Saturday, October 13, 2012

Le Monde 100: Diary of a Young Girl

When Diary of a Young Girl came out, there was a whole lot of nay-saying as to the credibility of the claim that this book was written by a girl from the age of thirteen to fifteen years old. This was primarily done by Holocaust deniers and ex-Hitler Youth types, persons of their own limited credibility. However, when reading Anne Frank's diary, one may find one's self legitimately asking if that it could be possible that someone so young could be so incredibly self-aware and so powerfully articulate. For instance, this passage:

"I was suffering then (and still do) from moods that kept my head under water (figuratively speaking) and allowed me to see things only from my own perspective, without calmly considering what the others- those whom I, with my mercurial temperament, had hurt or offended- had said, and then acting as they would have done."

This sounds like something a beta version cyborg programmed to write from the perspective of a young girl would come up with. If you read that passage in Brent Spiner's voice, it may sound quite at home.

But, there seems to be a recurring theme that appears throughout Le Monde 100. Like a tiny sapling pushing through the thickest concrete, the humanity of the individual will assert itself, even in the smallest ways, when society attempts to erase it. In his book Man's Search for Meaning, Victor Frankl, a psychologist who survived the concentration camps, noted that the deprivation of certain basic needs push men towards a state of animal instinct. Every waking thought gradually becomes overwhelmed with the procuring of those needs, depriving the brain of the focus to self reflect, which is the hallmark of what separates men from beasts. Victor and his fellow prisoners would be allowed cigarettes, which they would purposefully not smoke as they would be used in barter and social interaction. It would be a disturbing sight for the prisoners to see one of them smoking his own cigarettes because it would mean that the smoker had now given up on his humanity and would always die not long afterward.

Anne Frank was put in a similar position. Along with food, clothing, and shelter, man needs to be social. Locked in an attic with a handful of people, Anne's social needs were severely constricted. Her humanity asserted itself by turning inward and exploring in great detail herself and the few interactions she had had in her life as well as the minutia of the social relationships in the attic.

This inward exploration was confirmed when the unabridged version of her diary was released in the early Nineties. Here we find Anne going into great graphic detail about her vagina, nuanced aspects of her sexuality including her early exploration of lesbianism, and menstruation, which all was a bit of a shock as I had originally read the abridged version in the Eighties, which included none of that.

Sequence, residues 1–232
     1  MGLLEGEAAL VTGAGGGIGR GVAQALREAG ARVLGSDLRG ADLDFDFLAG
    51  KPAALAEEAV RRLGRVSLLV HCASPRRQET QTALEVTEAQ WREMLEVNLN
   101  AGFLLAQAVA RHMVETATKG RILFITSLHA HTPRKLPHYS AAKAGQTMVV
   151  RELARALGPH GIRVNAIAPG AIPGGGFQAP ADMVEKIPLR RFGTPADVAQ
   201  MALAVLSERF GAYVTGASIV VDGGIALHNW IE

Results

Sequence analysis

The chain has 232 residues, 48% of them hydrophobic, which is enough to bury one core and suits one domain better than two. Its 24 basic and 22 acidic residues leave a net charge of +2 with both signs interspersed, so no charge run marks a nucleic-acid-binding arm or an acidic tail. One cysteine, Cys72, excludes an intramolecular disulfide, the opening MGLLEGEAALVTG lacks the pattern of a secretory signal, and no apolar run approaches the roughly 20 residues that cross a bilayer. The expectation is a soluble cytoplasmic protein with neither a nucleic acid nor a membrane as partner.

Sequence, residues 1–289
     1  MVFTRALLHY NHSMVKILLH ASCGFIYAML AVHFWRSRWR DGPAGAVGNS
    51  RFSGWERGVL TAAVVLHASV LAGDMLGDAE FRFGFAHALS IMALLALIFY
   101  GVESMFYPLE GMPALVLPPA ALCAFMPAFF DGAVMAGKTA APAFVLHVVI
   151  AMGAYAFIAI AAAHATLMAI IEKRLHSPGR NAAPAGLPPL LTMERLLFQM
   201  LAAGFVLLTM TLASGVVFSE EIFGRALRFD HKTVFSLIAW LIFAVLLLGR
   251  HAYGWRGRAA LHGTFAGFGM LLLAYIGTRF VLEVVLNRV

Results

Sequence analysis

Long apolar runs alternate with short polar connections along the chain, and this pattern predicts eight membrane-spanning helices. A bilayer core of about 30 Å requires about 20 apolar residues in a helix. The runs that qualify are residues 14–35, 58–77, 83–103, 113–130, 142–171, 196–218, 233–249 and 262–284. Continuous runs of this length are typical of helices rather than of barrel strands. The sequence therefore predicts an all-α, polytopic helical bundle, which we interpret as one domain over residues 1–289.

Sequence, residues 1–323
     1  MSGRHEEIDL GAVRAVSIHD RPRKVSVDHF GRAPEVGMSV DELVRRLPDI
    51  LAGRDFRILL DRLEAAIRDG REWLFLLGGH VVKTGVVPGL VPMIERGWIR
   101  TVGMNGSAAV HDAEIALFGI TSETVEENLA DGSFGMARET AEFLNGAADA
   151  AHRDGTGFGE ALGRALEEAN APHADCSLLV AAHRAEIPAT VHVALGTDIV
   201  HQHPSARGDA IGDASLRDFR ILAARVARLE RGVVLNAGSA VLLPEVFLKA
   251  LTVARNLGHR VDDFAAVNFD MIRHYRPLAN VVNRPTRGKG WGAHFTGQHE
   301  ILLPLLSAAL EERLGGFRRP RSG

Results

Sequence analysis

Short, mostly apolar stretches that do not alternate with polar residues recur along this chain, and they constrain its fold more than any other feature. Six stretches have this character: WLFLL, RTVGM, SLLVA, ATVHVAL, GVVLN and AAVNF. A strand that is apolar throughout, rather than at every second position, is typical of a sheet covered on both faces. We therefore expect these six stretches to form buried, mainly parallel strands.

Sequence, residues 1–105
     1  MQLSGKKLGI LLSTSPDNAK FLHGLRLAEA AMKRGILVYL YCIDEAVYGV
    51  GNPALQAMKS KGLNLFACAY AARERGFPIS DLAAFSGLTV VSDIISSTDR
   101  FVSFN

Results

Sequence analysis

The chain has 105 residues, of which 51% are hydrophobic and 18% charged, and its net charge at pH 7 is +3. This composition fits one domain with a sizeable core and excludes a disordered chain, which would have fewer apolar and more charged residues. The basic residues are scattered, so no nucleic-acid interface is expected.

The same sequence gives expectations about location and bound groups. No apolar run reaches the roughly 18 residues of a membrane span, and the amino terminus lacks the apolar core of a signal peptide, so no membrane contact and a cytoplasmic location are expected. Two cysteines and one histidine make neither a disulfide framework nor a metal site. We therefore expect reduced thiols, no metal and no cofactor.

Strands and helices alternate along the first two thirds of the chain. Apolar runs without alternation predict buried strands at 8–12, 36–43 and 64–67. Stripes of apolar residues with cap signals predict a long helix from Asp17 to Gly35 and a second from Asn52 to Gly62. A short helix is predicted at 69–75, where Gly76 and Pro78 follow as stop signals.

One could see why her father Otto, who compiled the notes would not choose to include those parts for general release. However, they reveal a lot about the human condition under duress as well as solidify their authenticity.

This human imperative was allowed to bloom in the soil of her leisure. This is important. Aristotle refused to allow farmers, skilled tradesmen, and women from entering the Academy as he felt they did not have the necessary leisure time required for true self reflection as they would be involved in fulfilling basic needs, such as growing food, building homes, and rearing children.  For Aristotle, to teach them the disciplines of self-reflection would be a disservice to them as they would not properly be able to give them mental room necessary to be useful. That's why you always see a lot of lounging in old paintings of philosophers. Anne Frank basically developed her own Academy spreading her mental wings in the open space of time even though she was constricted in her physical place.

That is how we can explain the credibility of her eloquence.


  1. This is one of my favorite "reviews" you have done Micah. I appreciated it so much because I recently have come to realize that time is the ultimate commodity. At the very least, for myself. The last section with Aristotle's; worker time vs philosopher time almost needs a whole reflection of its own. What is time spent being productive really entail?

  2. It's all about power distribution. If you think about food intake to output, do we burn energy looking for more energy or do we burn energy fueling ideas?

    Check out Bertrand Russell's essay "In Praise of Idleness."